• May 31, 2021

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January 2021 Paper of the Month

In vivo base editing rescues Hutchinson-Gilford progeria syndrome in mice.

Koblan LW, Erdos MR, Wilson C, Cabral WA, Levy JM, Xiong ZM, Tavarez UL, Davison LM, Gete YG, Mao X, Newby GA, Doherty SP, Narisu N, Sheng Q, Krilow C, Lin CY, Gordon LB, Cao K, Collins FS, Brown JD, Liu DR.

Nature. 2021 Jan;589(7843):608-614.

Joint First Authors
Prof. Fernando P. Polack
Luke Koblan
Prof. Stephen J. Thomas
Dr. Michael Erdos
Senoir Authors
Prof. Fernando P. Polack
Prof. David R. Liu

Hutchinson–Gilford progeria is a rare genetic disease characterized by premature aging and death that is mainly caused by a dominant negative c.1824 C>T; p.G608G mutation in the LMNA gene. This mutation creates a 5´ cryptic splice site within exon 11 that excludes the terminal 150 nucleotides of that exon from the mRNA. The translated protein, called progerin, lacks a proteolytic cleavage site and therefore irreversibly accumulates at the nuclear rim, impairing nuclear structure and cell division.

Here, Koblan, Erdos and colleagues describe the use of the optimized Adenine base editor ABEmax-VRQR to correct this mutation in the genomic DNA of primary fibroblasts derived from patients and a progeria mouse model.

To find out more about both the disease and base editing please click play.

Or watch this lecture by Prof. Liu:

To investigate the therapeutic potential of base editing, the authors delivered the base editor and targeting sgRNA using a lentivirus followed by puromycin selection. Treatment resulted in 87% and 91% correction of the disease-associated mutation in patient-derived primary fibroblast cells 20 days later. Progerin mRNA and protein levels were reduced by 4.4-8.1-fold and 6.1-15-fold, respectively, and nuclear morphology improved. No off-target DNA or RNA editing could be detected.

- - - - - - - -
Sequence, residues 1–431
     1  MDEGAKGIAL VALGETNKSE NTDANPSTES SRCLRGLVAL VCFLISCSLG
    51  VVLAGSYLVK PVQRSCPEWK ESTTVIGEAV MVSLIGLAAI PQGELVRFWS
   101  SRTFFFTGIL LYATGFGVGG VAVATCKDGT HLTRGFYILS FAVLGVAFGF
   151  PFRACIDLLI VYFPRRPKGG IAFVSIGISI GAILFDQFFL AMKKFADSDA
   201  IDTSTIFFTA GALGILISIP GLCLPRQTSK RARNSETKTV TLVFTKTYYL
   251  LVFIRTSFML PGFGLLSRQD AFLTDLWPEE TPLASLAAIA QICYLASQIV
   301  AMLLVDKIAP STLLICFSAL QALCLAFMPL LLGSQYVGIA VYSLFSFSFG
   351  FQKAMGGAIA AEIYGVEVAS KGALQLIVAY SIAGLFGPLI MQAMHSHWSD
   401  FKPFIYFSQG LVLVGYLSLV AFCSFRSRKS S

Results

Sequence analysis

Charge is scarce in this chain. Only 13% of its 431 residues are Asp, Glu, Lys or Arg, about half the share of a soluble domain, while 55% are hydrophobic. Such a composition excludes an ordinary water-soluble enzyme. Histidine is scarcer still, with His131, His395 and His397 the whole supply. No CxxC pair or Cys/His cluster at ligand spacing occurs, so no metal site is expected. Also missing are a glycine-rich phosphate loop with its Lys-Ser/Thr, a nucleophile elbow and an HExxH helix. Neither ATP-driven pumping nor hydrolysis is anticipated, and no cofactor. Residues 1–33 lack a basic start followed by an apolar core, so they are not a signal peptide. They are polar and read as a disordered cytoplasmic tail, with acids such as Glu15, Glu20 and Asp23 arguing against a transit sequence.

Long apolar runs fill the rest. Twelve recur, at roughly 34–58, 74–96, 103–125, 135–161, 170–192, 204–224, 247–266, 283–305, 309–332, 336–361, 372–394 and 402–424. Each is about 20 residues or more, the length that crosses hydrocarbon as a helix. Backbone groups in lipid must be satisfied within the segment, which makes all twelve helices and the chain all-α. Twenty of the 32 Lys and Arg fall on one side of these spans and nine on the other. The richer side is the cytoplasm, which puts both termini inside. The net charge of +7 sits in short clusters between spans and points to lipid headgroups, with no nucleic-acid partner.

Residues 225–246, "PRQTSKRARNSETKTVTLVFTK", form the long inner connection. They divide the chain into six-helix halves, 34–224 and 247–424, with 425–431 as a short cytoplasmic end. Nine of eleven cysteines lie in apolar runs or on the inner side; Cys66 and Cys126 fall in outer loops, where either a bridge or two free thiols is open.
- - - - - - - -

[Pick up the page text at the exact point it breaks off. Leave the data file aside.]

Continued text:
The authors then used two trans-splicing adeno-associated viral vectors (AAV9) to deliver the base editor and LMNA c.1824-targeting sgRNA to homozygous mice containing the human LMNA c.1824 C>T allele. Injection of 5 × 10^11 vg each at P14, achieved 10-60% genomic DNA correction in a variety of tissues six weeks later and these levels only increased 6 months after treatment. Treated mice showed normal vascular pathology and life spans, the latter a 137% increase over control mice.

These results compare extremely favourably with the 25% increase in median survival seen with CRISPR–Cas9 gene editing and with recently published results using peptide-conjugated phosphorodiamidate morpholino oligomers (61.6% increase) or phosphorothioate/MOE-modified splice switching oligonucleotides (33% increase).

However, all three tested AAV-injected mice showed evidence of rare AAV integrations in known AAV integration sites. Five of nine deceased treated mice had liver tumours which are likely associated with the use of AAV or with the two copies of human RAB25 contained in the transgene allele.